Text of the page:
Believe it or not, when you're self-employed, the IRS can be your friend (well, sort of). For those outside the United States, the IRS (Internal Revenue Service) is the federal-level tax authority in the USA. Depending on where you live, you may also be subject to the authority of state, county, and city level tax agencies, but let's focus on the big dog. One of the most common mistakes that newly self-employed people make is that they fail to set aside money to pay their taxes. Come April 15th (tax day) they are in for a rude awakening. There's nothing quite like the feeling of filling out the tax forms and discovering that you owe multiple thousands of dollars, and you don't have it.
When you were a W-2er (a.k.a. employee... W-2 is the IRS form your employer used to report your income and taxes withheld) your employer would take out (withhold) a portion of your income to pay your income tax and other taxes throughout the year. This was taken out before you even got your paycheck, and you didn't have much say in the matter. Oh sure there were a couple different ways you could increase or decrease the amount that was withheld, but it was always something. But, now you're a 1099er (your clients will use IRS Form 1099-Misc to report the payments they made to you and show they did not, and were not supposed to, withhold anything for taxes). As a 1099er, YOU are responsible for setting aside money to pay all those taxes. And most people don't do it (at least not until they've faced their first April 15th). So train yourself to set aside a portion for taxes. Take a look at last year's tax form and see how much of your gross income you paid in taxes, and then each time you get paid, set aside a comparable percentage. This takes discipline, but after your first heart-stopping April 15th, it becomes easy.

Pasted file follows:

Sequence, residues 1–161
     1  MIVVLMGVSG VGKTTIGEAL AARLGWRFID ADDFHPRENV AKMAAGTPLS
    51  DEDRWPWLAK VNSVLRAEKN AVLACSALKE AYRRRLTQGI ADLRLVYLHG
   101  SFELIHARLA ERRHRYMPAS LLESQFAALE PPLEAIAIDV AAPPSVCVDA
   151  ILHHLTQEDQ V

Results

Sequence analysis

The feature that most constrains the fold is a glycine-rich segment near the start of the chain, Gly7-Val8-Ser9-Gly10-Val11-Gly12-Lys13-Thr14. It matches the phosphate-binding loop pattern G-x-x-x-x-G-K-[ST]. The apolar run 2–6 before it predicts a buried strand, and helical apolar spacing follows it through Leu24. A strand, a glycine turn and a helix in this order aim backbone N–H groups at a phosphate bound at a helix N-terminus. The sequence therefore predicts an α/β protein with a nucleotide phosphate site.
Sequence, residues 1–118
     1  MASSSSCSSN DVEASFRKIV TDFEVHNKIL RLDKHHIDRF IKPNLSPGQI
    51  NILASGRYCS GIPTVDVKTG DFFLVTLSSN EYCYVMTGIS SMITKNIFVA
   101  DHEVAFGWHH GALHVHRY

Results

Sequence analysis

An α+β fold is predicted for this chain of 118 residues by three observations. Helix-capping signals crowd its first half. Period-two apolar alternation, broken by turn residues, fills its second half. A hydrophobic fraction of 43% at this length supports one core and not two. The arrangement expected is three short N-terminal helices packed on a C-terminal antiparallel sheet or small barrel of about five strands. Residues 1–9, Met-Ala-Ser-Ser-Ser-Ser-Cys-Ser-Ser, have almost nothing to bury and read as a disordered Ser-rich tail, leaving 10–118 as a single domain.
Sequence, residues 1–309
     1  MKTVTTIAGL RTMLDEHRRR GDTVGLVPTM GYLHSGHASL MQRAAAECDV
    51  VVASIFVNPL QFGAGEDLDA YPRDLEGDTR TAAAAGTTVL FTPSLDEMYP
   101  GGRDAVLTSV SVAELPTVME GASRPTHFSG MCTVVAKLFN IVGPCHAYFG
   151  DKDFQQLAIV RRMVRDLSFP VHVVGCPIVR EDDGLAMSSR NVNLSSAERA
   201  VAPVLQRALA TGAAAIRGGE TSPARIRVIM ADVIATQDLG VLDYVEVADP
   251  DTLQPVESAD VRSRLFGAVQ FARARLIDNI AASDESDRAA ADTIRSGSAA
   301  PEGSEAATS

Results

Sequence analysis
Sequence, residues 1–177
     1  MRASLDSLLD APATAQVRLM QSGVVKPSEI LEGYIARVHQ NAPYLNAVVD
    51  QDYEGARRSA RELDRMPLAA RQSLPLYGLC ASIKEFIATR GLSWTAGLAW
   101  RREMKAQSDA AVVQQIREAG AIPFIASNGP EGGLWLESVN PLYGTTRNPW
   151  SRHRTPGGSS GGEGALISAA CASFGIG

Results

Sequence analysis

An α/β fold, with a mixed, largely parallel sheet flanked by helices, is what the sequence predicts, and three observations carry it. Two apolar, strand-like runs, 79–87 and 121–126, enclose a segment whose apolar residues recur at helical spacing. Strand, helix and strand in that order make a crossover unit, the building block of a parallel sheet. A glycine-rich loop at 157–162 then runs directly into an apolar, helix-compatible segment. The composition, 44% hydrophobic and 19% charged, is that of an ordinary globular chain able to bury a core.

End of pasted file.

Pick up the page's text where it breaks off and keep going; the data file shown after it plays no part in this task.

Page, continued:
OK, so how can the IRS be your friend? Well, the tax laws in this country are written in favor of business. (And that is as it should be, because business is the engine in our economy. Keep the engine healthy and strong, and the whole nation benefits.) The way that the tax laws benefit business is that a business owner can deduct certain expenses from their taxable income to reduce their tax liability. I am not an accountant and so I won't make any specific recommendations. But let me say this: I am willing to pay taxes to support the government that gives me the right to be in business for myself and make a profit; but I don't want to pay them any more than I have to.
One other thing to be aware of with the IRS is that they can declare that, contrary to what you told them, you really were a W-2er and not a 1099er, and your deductions are disallowed, and the company owes back-taxes as well as fines and penalties. But you can reduce the chances of this nightmare occurring by the careful wording that your lawyer (which you got after reading my Self-Employment 101 post) put into the written contract for the work you have performed.
Take all the tax deductions that you are legally entitled to. But don't get greedy and stupid and break the laws. After all, another thing you need in business is integrity.
posted @ Monday, November 24, 2003 12:18 AM